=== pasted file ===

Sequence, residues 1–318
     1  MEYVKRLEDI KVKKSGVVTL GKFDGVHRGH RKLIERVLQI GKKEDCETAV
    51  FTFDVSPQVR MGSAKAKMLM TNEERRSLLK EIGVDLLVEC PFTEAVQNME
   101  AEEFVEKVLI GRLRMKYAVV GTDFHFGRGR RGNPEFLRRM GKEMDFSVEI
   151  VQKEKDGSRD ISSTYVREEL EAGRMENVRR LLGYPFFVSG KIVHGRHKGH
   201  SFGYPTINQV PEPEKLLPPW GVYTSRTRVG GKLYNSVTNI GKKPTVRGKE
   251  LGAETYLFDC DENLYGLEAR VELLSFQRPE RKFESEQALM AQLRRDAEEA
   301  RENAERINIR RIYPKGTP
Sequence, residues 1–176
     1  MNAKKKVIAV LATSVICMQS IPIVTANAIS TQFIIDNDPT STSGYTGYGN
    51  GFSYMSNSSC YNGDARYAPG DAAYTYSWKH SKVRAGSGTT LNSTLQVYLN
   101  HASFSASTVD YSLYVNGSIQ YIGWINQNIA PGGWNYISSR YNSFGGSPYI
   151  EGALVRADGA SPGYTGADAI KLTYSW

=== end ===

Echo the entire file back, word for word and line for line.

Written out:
Sequence, residues 1–318
     1  MEYVKRLEDI KVKKSGVVTL GKFDGVHRGH RKLIERVLQI GKKEDCETAV
    51  FTFDVSPQVR MGSAKAKMLM TNEERRSLLK EIGVDLLVEC PFTEAVQNME
   101  AEEFVEKVLI GRLRMKYAVV GTDFHFGRGR RGNPEFLRRM GKEMDFSVEI
   151  VQKEKDGSRD ISSTYVREEL EAGRMENVRR LLGYPFFVSG KIVHGRHKGH
   201  SFGYPTINQV PEPEKLLPPW GVYTSRTRVG GKLYNSVTNI GKKPTVRGKE
   251  LGAETYLFDC DENLYGLEAR VELLSFQRPE RKFESEQALM AQLRRDAEEA
   301  RENAERINIR RIYPKGTP
Sequence, residues 1–176
     1  MNAKKKVIAV LATSVICMQS IPIVTANAIS TQFIIDNDPT STSGYTGYGN
    51  GFSYMSNSSC YNGDARYAPG DAAYTYSWKH SKVRAGSGTT LNSTLQVYLN
   101  HASFSASTVD YSLYVNGSIQ YIGWINQNIA PGGWNYISSR YNSFGGSPYI
   151  EGALVRADGA SPGYTGADAI KLTYSW